Thursday, December 24, 2015

What Makes Marco Rubio More Qualified to be President Than Donald Trump?

I'd love to get some Establishment GOPer to answer that one. This question came to me after reading David Frum here:

"Trump presents himself as a big winner: rich, powerful, self-confident, his name on buildings and golf courses around the world. He makes great deals! (As perhaps you’ve heard him say a time or two.) Remember the question Bill O’Reilly used to ask when his show was gaining traction back in the 1990s? “Who’s looking out for you?” Trump offers himself as the answer to that question."

"Now you, as a sophisticated reader of political websites, appreciate that these boasts are mostly malarkey. Trump’s deals have often failed, he’s the least bankable name in real estate, and at this point he probably owes more of his wealth to his TV stardom than to his business acumen. Trump’s done well for himself—but not nearly so well for investors, lenders, or anybody else who ever trusted him."

"But the question, as always in politics, is, “Compared to what?” It’s really striking how many of the elite-preferred rivals to Trump have records either zero executive accomplishments at all (Rubio, Cruz, Carson, Paul) or else of actual outright failure (Fiorina)."

"The case of Rubio is especially striking. What has Rubio ever done? His one project as senator, the Gang of Eight deal in 2013, fizzled out in the House without ever coming to a vote. That deal is now repudiated not only by Rubio’s own party, but by Rubio himself. Rubio is campaigning heavily on his foreign-policy vision, without ever having held a major executive role or held rank in the military."

What makes Rubio qualified? He was elected a US Senator-a job he now is bored by-he has a lot of GOP backing as they think his biography can sell. Full stop.

DailyNewsBin's description of Rubio here has a lot of resonance:

"Rubio tends to come off well only when giving prepared statements, but comes off as clueless when he’s challenged by almost any his republican competitors during the debates. His best bet of winning the nomination might be to lay low and hope the primary race is decided by the party delegates themselves at the convention, where he could simply give a speech and hope to win them over. But the more he takes on his opponents in the debates, the smaller they make him look – and the worse his poll numbers get. For all the talk of how shockingly poorly Jeb Bush is doing in the race, it’s worth noting that Marco Rubio is only six points ahead of him."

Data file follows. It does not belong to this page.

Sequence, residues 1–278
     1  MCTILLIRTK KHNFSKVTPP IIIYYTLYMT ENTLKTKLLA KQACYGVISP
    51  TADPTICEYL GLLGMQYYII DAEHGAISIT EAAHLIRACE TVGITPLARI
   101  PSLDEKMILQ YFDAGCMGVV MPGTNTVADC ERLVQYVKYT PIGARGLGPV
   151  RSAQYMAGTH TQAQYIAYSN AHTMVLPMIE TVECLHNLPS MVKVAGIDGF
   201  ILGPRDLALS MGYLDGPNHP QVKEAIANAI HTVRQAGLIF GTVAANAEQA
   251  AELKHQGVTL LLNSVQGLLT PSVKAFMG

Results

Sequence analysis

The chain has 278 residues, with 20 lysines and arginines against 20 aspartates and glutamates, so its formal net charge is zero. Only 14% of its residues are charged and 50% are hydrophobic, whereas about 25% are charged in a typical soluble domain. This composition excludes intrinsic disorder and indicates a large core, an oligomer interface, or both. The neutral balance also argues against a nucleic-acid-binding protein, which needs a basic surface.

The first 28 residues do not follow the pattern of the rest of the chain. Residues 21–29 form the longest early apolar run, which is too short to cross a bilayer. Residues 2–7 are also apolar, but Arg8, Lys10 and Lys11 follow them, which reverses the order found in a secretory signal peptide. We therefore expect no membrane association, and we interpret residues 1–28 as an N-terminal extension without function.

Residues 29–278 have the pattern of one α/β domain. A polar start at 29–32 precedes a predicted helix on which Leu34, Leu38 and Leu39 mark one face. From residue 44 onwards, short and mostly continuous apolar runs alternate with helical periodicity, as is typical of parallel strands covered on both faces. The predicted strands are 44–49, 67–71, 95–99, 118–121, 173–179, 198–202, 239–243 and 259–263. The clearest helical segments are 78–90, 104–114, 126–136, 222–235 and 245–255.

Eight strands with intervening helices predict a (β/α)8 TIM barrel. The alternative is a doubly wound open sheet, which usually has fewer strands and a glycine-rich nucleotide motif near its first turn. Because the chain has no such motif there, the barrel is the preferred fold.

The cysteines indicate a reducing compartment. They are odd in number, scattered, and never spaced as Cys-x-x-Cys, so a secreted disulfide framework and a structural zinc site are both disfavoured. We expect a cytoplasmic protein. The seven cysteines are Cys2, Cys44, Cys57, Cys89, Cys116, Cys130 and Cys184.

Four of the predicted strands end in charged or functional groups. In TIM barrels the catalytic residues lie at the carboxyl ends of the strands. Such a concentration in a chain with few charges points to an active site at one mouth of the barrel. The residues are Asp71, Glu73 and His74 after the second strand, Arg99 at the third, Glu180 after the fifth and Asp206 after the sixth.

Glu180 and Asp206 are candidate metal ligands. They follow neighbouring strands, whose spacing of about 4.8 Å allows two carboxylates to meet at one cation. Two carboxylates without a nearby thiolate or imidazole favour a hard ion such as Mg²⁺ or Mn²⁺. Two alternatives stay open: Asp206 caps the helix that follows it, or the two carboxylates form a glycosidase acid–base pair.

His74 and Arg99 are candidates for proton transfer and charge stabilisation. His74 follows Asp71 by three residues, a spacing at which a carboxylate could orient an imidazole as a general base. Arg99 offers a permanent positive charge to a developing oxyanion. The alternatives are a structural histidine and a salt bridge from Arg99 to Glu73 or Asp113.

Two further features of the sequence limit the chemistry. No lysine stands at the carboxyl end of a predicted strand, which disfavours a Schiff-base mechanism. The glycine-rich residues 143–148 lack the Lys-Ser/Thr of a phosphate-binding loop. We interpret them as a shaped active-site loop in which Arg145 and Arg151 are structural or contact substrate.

DNB is, to be sure,  a major Clinton blog so some might dismiss it. But this has been noted by many, not just Clintonites. Morning Joe has had the same critique. And then there is an interview Rubio conducted with a NH reporter that didn't go well, to say the least.

"Marco Rubio's relative lack of campaigning in early states like New Hampshire has been getting increasing attention in the national press — a Washington Post article this week asked whether he'd "work hard enough to become president."

"Yet when he did try to win over one local New Hampshire newspaper's endorsement in a short meeting this week, he didn't have much success. Here's Conway Daily Sun reporter Erik Eisele's pretty brutal description of how a meeting with Rubio went:

"We had roughly 20 minutes with him [Rubio] on Monday, and in that time, he talked about ISIS, the economy, his political record and his background. But it was like watching a computer algorithm designed to cover talking points. He said a lot but at the same time said nothing. It was like someone wound him up, pointed him toward the doors and pushed "play." If there was a human side to the senator, a soul, it didn't come across."

"This is something national political reporters who've followed Rubio have long observed. When you see him deliver a speech, he's great — charismatic, fluid, winning. But he's much better at hitting a previously prepared set of points than he is at striking a more conversational, informal tone. The town hall setting isn't the greatest for him."

"Other candidates, like Chris Christie, are better at working over small groups and sounding more unscripted. Perhaps that's part of why Christie — who's on the rise in recent New Hampshire polls — won the New Hampshire Union Leader's endorsement earlier this month."

Speaking of someone who's not great at the unscripted moment, Kevin McCarthy is reportedly about to endorse Rubio.

Oh, goody. Let's help he campaigns for him as well. I'm sure he'll do as good a job as he did in his interview about the Benghazi Committee.  

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